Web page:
Operation Gratitude

Working three jobs has been exhausting but also illuminating. This blog has been silent because my life has been full!!


At my retail job, we’ve been writing cards to anonymous members of the armed services as part of our contribution to Operation Gratitude. I’ve been racking my brain for a good extra credit project to give my students, not only so they can earn a few more points to their final grade but also so that they can learn to be productive members of society. That’s when I realized that Operation Gratitude was the perfect fit!!!

My pitch to the students:

Boost your grade, build community, be part of America, and do a good deed: all at the same time!!

I’ve asked my students to turn in a handwritten card thanking an anonymous member of the armed services for their service & to wish them well this holiday season. If they do so, they earn 0.5 points added to their final grade. If they can get >95% of the class to participate, there’s an additional 1.0 point bonus.

It’s been exciting to watch them take on the challenge of collective action. I’ve been really impressed and encouraged by my students’ responses. Some of them are one sentence thank-you-for-letting-me-get-extra-credit-in-this-class but most of them are heartfelt letters of gratitude and admiration. A lot of my students pour their hearts out into these letters, and I can see that they’ve taken to heart the cost of the freedom and liberty we enjoy and the degree to which we are all part of a community. These men and women need our support and encouragement as much as we need their work overseas. It’s always exciting to see people applying what they learn in class to real life situations.

I’m a big believer that if you have high expectations, your students will rise to the challenge. My favorite comment by Amy Sherman-Palladino about her series Gilmore Girls was that it was so successful because she crammed so many pop references into each episode and so much dialogue into each scene. There’s no way that you can catch everything on the first watch, but you’re so intrigued by each episode that you want to watch again. She has commented that people often assume that people who watch TV are stupid and that TV shows need to be dumbed down for people to appreciate them. Instead, she challenges her viewers to have a higher standard. And it works. That’s why we love her shows.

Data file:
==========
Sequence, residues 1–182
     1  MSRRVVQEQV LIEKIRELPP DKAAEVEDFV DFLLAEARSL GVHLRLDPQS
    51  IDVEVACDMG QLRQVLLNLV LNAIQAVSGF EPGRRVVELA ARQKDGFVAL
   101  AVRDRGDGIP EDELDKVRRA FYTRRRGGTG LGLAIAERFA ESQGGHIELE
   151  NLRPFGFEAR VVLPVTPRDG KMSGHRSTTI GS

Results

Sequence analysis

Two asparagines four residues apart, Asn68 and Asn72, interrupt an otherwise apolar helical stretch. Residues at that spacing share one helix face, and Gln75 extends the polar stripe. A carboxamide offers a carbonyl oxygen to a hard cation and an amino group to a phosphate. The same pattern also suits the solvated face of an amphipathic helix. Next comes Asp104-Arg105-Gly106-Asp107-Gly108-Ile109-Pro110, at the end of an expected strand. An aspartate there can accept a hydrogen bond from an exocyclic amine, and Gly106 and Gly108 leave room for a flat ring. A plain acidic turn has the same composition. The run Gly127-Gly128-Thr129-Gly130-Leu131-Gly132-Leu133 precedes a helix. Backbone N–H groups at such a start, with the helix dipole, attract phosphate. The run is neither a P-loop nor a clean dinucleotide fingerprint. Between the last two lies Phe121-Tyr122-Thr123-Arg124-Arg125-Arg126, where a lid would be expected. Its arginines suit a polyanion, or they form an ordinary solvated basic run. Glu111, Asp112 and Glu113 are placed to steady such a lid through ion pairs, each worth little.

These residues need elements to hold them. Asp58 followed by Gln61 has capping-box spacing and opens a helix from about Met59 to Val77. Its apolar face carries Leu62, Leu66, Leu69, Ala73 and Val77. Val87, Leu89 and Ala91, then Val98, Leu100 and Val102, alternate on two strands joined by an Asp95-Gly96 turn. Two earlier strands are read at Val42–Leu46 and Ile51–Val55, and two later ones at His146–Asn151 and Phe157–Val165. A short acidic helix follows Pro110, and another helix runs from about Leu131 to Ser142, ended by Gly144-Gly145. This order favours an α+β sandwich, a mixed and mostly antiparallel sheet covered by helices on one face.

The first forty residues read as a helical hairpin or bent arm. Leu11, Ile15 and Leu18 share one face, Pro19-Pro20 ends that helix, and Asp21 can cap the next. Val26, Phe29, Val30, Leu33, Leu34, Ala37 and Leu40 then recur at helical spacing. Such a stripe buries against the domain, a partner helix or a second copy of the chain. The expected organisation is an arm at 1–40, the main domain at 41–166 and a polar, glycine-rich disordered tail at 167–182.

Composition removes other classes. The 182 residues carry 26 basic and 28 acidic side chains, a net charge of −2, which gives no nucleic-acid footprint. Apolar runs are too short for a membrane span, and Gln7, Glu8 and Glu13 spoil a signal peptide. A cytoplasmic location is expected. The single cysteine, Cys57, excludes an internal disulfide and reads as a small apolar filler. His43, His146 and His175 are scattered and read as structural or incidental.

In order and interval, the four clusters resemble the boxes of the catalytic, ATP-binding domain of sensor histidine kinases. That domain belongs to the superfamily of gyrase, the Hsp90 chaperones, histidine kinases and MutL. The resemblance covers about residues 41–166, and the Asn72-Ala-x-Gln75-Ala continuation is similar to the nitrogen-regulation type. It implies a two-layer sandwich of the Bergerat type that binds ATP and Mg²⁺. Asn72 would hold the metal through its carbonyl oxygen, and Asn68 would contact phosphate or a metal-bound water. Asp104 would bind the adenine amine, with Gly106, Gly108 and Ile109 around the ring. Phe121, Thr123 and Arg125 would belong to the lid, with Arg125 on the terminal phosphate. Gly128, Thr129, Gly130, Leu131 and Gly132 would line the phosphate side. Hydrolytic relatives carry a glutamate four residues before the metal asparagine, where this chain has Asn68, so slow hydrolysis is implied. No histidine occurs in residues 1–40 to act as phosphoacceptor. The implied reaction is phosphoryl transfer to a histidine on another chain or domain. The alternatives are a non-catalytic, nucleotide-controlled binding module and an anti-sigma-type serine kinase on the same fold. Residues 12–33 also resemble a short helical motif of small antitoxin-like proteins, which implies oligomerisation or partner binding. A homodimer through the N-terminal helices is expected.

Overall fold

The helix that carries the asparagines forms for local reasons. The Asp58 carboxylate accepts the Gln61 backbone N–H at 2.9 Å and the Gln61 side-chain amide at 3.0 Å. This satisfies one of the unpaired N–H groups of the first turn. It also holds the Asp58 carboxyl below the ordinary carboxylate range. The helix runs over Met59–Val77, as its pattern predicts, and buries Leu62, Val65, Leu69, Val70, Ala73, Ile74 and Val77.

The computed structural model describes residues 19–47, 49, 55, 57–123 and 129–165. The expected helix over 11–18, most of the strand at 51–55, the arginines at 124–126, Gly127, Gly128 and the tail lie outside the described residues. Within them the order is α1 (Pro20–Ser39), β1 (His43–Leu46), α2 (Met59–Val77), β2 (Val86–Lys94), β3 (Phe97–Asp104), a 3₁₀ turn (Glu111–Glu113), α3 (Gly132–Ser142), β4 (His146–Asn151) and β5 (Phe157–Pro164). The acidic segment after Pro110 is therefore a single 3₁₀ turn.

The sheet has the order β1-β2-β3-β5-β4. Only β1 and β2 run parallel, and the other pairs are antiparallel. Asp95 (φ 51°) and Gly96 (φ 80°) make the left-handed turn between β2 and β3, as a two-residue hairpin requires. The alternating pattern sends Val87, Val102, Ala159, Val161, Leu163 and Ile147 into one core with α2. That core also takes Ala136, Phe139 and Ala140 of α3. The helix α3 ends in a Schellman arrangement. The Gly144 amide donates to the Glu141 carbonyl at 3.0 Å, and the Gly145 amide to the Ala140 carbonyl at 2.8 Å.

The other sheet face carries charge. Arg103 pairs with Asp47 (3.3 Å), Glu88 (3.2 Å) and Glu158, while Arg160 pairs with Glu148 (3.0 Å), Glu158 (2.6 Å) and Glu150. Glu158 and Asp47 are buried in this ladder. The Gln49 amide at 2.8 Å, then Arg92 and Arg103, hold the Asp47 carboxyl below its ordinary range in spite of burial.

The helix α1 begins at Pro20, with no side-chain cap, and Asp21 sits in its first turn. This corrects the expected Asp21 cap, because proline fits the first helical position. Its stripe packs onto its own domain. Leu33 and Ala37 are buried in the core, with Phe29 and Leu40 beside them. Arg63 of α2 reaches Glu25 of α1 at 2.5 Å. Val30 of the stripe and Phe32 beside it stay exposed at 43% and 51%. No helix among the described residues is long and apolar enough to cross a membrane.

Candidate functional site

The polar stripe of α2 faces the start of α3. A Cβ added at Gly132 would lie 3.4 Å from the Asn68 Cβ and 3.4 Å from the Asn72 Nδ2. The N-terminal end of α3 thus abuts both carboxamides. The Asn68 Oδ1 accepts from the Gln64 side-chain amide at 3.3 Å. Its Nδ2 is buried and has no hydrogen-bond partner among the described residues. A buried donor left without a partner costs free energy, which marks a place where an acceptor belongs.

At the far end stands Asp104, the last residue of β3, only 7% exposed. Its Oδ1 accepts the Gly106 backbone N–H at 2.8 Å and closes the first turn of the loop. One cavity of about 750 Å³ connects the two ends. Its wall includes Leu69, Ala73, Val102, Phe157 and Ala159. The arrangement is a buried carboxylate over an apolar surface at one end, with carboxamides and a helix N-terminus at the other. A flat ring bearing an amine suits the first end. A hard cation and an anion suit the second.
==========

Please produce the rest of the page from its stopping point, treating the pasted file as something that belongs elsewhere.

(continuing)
So far, about 1/3 of my class has participated in the challenge. They have a week left, so there’s still a lot of time for them to get their act together. We’ll see how things progress.

I’ve challenged myself to also write at least one card a day for every day of the drive. I’ve written 9 cards so far (with one week to go). It’s getting more challenging to find something different to say each time, but it’s a good challenge, one that’s appropriately achievable for me.

I’m excited that I’m feeling well enough these days to do things for other people. I’m also really excited that I’ve been able to rally my students together to do something for others and to show them that it doesn’t take much to make a difference in someone else’s life.

That’s all for now,

Abigail

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